These days, you may have noticed that more and more NDIS plans are including funding for Psychosocial Recovery Coaching as well as Support Coordination. If nothing else, this gradual evolution signifies a positive shift in the NDIS’s recognition of mental health in the community.

However, it does pose some questions. For instance: how can a Psychosocial Recovery Coach and a Support Coordinator work together effectively? How can the two operate side-by-side without stepping on any toes? How does having both enhance outcomes for the participant?

A Psychosocial Recovery Coach (PRC) and a Support Coordinator can be a powerful team.

A Psychosocial Recovery Coach (PRC) and a Support Coordinator can be a powerful team. It all depends on the working relationship and the trust between them, and that’s why the PRCs at Enhanced Lifestyles take a collaborative, transparent approach to working together with Support Coordinators.

It’s worth noting that Support Coordination and PRC are two very different roles, but they do overlap in some ways. However, the overlap should only be apparent when a participant uses one or the other – not both. If a participant utilises both, the two roles should complement each other and operate uncompetitively. In this situation, both service providers have an opportunity to maximise their funding to really address the challenges and goals in the participant’s life. For this reason, we believe that a NDIS participant with both a PRC and a Support Coordinator has access to an incredibly robust support network!

Two team members sitting across from eachother in an animated conversationWe know that Support Coordinators can feel some trepidation about referring their customer to a PRC from another provider, particularly if the other provider offers Support Coordination. However, when we allocate a PRC to a customer that is referred by an external Support Coordinator, we make sure that boundaries are in place to preserve the value of both roles. Enhanced Lifestyles is a member-governed not-for-profit (more on that later), which means that we believe in the rights of people living with disability, and everything we do is designed to respect those rights. We know that our customers know what’s best for them, especially when it comes to choosing service providers. So, when we receive a new referral for a PRC customer from a Support Coordinator, we take a collaborative approach rather than a competitive one. We weren’t founded with the aim of monopolising the market; instead, we support and work with other providers to foster a sector rich in diversity of choice for our customers.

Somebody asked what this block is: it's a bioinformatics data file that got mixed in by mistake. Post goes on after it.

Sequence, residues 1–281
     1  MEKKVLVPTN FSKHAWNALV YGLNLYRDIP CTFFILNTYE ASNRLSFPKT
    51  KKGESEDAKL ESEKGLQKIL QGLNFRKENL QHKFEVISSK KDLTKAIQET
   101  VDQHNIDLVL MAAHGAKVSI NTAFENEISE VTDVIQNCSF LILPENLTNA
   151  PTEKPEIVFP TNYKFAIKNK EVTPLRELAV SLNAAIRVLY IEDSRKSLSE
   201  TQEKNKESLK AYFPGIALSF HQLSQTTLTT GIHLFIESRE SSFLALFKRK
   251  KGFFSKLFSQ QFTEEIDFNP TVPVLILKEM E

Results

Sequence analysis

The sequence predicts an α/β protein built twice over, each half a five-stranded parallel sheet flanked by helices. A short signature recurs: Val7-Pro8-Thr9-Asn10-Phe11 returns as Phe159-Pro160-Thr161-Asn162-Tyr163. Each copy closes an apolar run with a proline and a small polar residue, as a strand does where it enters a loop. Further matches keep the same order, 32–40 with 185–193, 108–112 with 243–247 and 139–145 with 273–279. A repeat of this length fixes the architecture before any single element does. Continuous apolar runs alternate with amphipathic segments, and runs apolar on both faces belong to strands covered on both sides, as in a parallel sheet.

It’s also worth mentioning that our PRCs have plenty of tasks to complete for customers that fall outside the purview of a Support Coordinator, and these can make the Support Coordinator’s job a little easier. Because our team of PRCs have both lived and learned experience with mental health, their focus (and passion) is working with the participant to manage and improve their mental health. This involves the development of a goal-focused recovery plan, and the research and organisation of non-NDIS resources such as clubs, hobby groups, and leisure activities. Plus, PRCs have the funding to regularly catch-up with customers and, afterwards, will feed back any developments or requests to the Support Coordinator for actioning. Essentially, referring customers to a PRC can have many positive flow-on effects – not only can it help Support Coordinators to maximise their funding, it’s also a great way to help the customer access even more support in the pursuit of their goals.

It might sound a little idealistic, but our PRC service is strongly informed by our customers’ needs and desires

It might sound a little idealistic, but our PRC service is strongly informed by our customers’ needs and desires. This approach is an important part of our identity as an association.

Over thirty years ago, a group of people living with disability realised that no one was better equipped to choose the kind of support they needed than themselves. Honing their knowledge and skills, together they became architects and builders of their own individualised disability services. Today, Enhanced Lifestyles remains a member-governed not-for-profit. By designing support services based on lived experience, we deliver the services people want to help them live their life how they choose. If you’d like to learn more about our history, member-led model, and ethos, you can find out more here.